Although Assemblyman Rob Bonta has not yet been confirmed as the state’s next attorney general, already five people have announced their intention to run for his Assembly seat — including his wife, Mia Bonta.
The seat for Assembly District 18 is not open until Rob Bonta officially resigns and takes up his new position. The district has about 500,000 residents and includes Alameda, San Leandro and much of Oakland.
Gov. Gavin Newsom announced last month he will appoint the East Bay Assemblyman to the state’s top law enforcement job, which became open after President Biden nominated California’s previous attorney general, Xavier Becerra, to be secretary of the U.S. Department of Health and Human Services.
Newsom is expected to declare a special election to fill Bonta’s Assembly seat; a date for the election has not been announced.
Mia Bonta, president of the Alameda Unified School District Board and CEO of Oakland Promise, a nonprofit that helps Oakland students get into college, announced her candidacy Monday to run in the special election for Assembly District 18.
“I’m running on behalf of East Bay children and working families to push open California’s door of opportunity for communities that have for too long been locked out,” she said in a statement announcing her candidacy. “The pandemic has further exacerbated systemic inequalities, while exposing once again the precariousness of so many people’s livelihoods. I am ready to go to Sacramento to fight for our East Bay communities and ensure Californians of all backgrounds get a fair shot.”
Other candidates that have already announced their intention to run are Alameda City Council member Malia Vella, San Leandro Unified School District board trustee James Aguilar and social justice attorney Janani Ramachandran. San Leandro Vice Mayor Victor Aguilar Jr. said he plans on officially announcing his candidacy next week.
Vella, an attorney and adjunct professor at Mills College in Oakland, was the first Filipina elected to her city council in 2016; she was re-elected in 2020. According to her campaign website, Vella “has the experience and steady leadership we need in the state Assembly.”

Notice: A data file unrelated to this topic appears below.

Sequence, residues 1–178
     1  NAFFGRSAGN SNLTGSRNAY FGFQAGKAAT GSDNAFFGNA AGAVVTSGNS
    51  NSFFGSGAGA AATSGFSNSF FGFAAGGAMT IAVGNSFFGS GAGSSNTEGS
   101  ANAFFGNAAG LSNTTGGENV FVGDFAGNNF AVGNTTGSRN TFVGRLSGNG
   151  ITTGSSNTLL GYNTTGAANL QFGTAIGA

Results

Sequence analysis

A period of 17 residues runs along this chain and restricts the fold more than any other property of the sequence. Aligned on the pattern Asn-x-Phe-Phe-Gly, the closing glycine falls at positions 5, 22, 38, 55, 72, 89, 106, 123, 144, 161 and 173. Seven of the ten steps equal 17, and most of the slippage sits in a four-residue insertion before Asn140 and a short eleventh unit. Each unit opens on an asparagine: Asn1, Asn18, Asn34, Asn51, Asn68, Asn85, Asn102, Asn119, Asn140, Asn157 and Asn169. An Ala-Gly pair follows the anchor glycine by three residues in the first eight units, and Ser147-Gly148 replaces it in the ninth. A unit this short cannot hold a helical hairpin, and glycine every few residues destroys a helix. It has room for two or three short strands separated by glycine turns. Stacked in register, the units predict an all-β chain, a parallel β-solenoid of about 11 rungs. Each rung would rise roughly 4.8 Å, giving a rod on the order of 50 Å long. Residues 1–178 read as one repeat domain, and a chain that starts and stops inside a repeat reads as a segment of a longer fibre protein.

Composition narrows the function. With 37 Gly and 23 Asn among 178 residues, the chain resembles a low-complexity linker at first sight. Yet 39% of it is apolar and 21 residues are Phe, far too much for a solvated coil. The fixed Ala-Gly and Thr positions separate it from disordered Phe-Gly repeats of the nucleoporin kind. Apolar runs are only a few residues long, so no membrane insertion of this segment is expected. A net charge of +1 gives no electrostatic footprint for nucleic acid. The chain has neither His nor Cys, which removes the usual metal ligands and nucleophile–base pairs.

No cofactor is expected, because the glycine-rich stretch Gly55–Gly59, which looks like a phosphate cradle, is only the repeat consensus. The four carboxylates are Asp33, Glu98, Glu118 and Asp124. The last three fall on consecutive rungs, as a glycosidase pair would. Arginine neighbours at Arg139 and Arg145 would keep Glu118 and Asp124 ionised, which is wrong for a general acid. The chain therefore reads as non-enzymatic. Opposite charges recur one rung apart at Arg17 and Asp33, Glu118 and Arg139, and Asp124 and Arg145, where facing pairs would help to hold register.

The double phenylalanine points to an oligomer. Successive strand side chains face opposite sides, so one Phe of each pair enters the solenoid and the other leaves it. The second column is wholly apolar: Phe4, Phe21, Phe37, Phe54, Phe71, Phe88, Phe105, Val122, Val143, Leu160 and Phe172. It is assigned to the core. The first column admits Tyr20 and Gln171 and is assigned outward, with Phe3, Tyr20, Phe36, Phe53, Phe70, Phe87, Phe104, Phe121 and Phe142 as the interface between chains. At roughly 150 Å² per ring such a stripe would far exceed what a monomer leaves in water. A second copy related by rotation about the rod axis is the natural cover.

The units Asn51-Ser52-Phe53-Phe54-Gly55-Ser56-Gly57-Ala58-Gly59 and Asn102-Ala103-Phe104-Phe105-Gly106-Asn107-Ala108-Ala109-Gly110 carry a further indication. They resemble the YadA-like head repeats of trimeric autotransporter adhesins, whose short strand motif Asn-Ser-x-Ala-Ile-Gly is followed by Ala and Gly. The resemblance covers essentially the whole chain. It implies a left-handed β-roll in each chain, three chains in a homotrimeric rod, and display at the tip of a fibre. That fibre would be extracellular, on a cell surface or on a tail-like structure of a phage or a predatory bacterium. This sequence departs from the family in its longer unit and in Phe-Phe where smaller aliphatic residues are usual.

Vella and another council member were accused of violating Alameda’s city charter by putting political pressure on the city manager while she was hiring a fire chief in 2017. An Alameda County civil grand jury came out in 2019 criticizing her on the issue; Vella denied any wrongdoing.
James Aguilar, an Oakland native and current student at San Francisco State, is the youngest trustee to be elected to the San Leandro School board. At the age of 21, he’s the youngest Bay Area elected official. According to his campaign website, he states “It’s time for young, balanced voice in the California State Assembly.” His listed priorities include access to higher education, the climate crisis, public transportation and housing, among others.
Victor Aguilar Jr., of no relation to James Aguilar, also confirmed he is running for the Assembly seat. He was first elected in 2018 to the San Leandro City Council and also is an elected member of the Alameda County Democratic Central Committee.
“I have dedicated my life to serving those most in need in my community. I am running for the Assembly to fight for health care, housing and justice for all,” Victor Aguilar said in a statement.
If elected, Ramachandran would be the first South Asian Assemblywoman; she is an East Bay native and the daughter of immigrants from a south Indian village. She has worked with immigrant mothers experiencing domestic violence and homelessness, on tenants’ rights, and most recently, as an attorney at Family Violence Appellate Project.
“Janani is running for state Assembly because the time for timid ideas is over. We need bold solutions and leaders with the courage to fight for them,” her website reads.
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Author: Angela Ruggiero
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